The markets are getting somewhat excited by the recent inversion yet again of the curve and also point to the front end of the curve.  Over the past 60 years an inverted yield curve has preceded a recession. However, this should be looked on with caution. Recessions are rare events. And a yield curve flattening may simply be a coincidence especially as the shape of the curve continually shifts and not every flattening has preceded a recession.

But there is something a little wrong with the U.S. economy. The market is not looking for negative surprises and any will cause a shock.

Bonds are less optimistic than equities and in the G20 Countries bonds are less optimistic  about growth. On Friday, the bund 10-year (Europe’s benchmark bond) closed at -0.257%, the lowest on record.

According to JPM strategists, the fall in the 5-year bond indicates a 53% chance of a recession. However, the same strategists see the equity markets have built in a 17% chance and junk bonds have 1% chance. The pricing suggests views are very divergent.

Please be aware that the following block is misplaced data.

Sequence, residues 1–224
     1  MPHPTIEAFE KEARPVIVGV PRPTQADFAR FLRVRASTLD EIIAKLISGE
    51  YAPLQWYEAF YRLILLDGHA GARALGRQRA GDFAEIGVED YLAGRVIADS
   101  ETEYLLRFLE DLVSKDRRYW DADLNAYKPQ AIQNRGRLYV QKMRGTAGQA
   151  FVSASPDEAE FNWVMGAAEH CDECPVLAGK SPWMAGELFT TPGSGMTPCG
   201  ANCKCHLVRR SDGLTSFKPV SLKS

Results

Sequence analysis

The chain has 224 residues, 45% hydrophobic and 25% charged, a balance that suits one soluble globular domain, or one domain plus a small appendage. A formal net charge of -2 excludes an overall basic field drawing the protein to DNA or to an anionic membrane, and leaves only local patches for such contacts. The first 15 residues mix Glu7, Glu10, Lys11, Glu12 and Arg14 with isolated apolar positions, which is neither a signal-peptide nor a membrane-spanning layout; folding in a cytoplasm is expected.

Most traders are expecting a rate cut and that’s pretty much factored in for July. Bond inflows of $17.5bio were the second largest on record. Yet junk spreads remain relatively wide and remain above the 5-year average.

Meanwhile, negative yielding securities are now at the $11.5 tr level.

The one factor that I find most unusual in all this is given the amount of stimulus in the global system, growth is tepid at best. Interest rates are basically at a level where money is being given away. Inflation is well behaved.  Company earnings are resilient. Demand is fine. And yet nothing is happening. Have we found Nirvana? I doubt that but this is all rather weird. With the money being made, growth should be a lot stronger.